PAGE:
Originally printed in The Lance (2014 04 23)
Growing up in the pre-computer age had its benefits. As kids, my friends and I spent a lot of free time playing outdoors and exploring the natural world. We had no choice. Cries of “Mom, I’m bored” were met with a familiar answer “Go outside and play.” And we did. We rode our bikes to the local slough to catch frogs. We collected tumbleweeds to make forts. We climbed trees, ran, jumped, and played. We lay among the prairie grasses imagining pictures in the clouds. We spent hours searching for the elusive four-leaved clover. We listened to the buzz, hum, twitter, chirp, chatter, rustle, and flow of life around us. And, we reaped nature’s many unseen rewards.
Studies have now shown that exposure to nature benefits the mind, body, and society in many ways (sidebar). A daily dose of nature can be a simple, inexpensive, and effective way to prevent illness, speed recovery, and boost your overall wellness. A single dose can help you become calmer, smarter, happier, and healthier. How much is enough? A mere 2 minutes focusing on nature reduces stress. It lowers muscle tension and blood pressure and increases brain activity. An hour improves memory and attention span by 20%. Prolonged exposure over two or more days can increase the level of cancer-fighting white blood cells by 50% and this effect can last up to 7 days.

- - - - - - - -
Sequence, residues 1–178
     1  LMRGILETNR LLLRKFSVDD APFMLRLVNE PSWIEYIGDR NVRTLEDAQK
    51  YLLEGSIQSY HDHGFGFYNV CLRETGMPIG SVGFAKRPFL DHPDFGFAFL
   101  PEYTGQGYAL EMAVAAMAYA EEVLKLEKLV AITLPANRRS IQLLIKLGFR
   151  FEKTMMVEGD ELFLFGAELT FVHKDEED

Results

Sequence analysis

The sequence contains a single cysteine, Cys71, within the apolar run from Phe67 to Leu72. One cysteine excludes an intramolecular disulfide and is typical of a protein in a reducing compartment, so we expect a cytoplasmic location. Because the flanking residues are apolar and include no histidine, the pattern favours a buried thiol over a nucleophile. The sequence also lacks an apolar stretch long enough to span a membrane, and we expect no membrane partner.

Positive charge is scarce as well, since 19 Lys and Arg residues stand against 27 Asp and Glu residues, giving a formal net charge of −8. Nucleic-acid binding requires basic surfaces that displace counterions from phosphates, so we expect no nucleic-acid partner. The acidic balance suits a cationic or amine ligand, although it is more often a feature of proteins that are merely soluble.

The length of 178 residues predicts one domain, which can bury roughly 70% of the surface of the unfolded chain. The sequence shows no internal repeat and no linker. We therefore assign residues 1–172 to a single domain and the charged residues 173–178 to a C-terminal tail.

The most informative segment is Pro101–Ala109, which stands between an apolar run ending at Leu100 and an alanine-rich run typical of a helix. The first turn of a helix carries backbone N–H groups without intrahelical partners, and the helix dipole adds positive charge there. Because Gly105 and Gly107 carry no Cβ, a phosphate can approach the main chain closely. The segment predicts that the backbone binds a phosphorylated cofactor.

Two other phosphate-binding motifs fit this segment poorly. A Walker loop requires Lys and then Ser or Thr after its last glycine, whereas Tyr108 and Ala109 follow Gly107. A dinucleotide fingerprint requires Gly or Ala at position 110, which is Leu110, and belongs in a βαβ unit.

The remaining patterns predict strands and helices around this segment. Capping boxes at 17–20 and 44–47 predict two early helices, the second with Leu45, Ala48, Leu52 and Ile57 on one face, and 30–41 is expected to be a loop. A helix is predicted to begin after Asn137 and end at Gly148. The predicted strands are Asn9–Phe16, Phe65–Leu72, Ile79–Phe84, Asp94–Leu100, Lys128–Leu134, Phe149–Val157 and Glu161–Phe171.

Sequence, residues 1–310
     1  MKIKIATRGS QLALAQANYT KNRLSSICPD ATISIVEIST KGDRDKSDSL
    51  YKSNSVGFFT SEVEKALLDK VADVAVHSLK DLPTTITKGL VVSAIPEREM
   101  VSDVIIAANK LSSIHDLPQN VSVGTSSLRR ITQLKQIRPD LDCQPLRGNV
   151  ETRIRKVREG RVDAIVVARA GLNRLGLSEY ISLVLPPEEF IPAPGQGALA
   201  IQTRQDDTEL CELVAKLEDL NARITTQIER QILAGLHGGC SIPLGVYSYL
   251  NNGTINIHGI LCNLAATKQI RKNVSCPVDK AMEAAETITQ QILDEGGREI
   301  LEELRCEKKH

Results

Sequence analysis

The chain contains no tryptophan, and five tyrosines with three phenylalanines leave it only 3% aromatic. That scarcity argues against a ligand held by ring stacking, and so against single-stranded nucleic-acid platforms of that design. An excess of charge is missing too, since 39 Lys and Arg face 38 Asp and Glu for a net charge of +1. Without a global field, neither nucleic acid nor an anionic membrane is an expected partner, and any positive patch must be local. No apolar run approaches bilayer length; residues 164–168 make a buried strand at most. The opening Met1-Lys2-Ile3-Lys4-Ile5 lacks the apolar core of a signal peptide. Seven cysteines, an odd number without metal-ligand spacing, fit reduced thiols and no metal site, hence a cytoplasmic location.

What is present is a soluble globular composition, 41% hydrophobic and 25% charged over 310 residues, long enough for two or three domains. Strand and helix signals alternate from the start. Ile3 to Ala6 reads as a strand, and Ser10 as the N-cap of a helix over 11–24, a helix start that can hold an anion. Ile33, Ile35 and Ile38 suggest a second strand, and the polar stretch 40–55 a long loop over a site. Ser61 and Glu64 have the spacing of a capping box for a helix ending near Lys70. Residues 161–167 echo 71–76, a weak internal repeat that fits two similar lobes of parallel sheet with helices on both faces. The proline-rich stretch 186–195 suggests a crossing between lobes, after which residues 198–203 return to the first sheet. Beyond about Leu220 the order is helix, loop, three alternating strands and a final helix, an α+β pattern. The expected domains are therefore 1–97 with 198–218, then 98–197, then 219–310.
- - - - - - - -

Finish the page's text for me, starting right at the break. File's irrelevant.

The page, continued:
These findings draw attention to the need to conserve nature within urban areas where over 80% of Canadians now live and work. I was lucky. I grew up on the outskirts of cities where there was an abundance of nearby nature. Many city-dwellers are not so fortunate. Winnipeg is not a concrete jungle but it needs more natural parks and greenways like the Seine River. Urban planners, decision-makers, and developers must work together with health advocates and environmentalists to ensure that all Winnipeggers can easily get a daily dose of nature.
|Research Shows that Exposure to Nature|
|Vitamin D production||Depression|
|Weight loss||Pulse rate|
|Brain activity||Muscle tension|
|Memory||Symptoms of ADHD|
|Curiosity||Diabetes (50% lower risk)|
|Creativity||Heart attack (50% lower risk)|
|Attention span||Colon cancer (30% lower risk)|
|Job performance||Domestic violence|
|Job satisfaction||Post-surgery recovery time|
|Social ties||Need for pain medication|
|Sense of community||Duration of hospital stays|
|Cancer-fighting cells||Health care costs|
A daily dose of nature, as these winter walkers are getting, can be a simple, inexpensive, and effective way to prevent illness, speed recovery, and boost your overall wellness.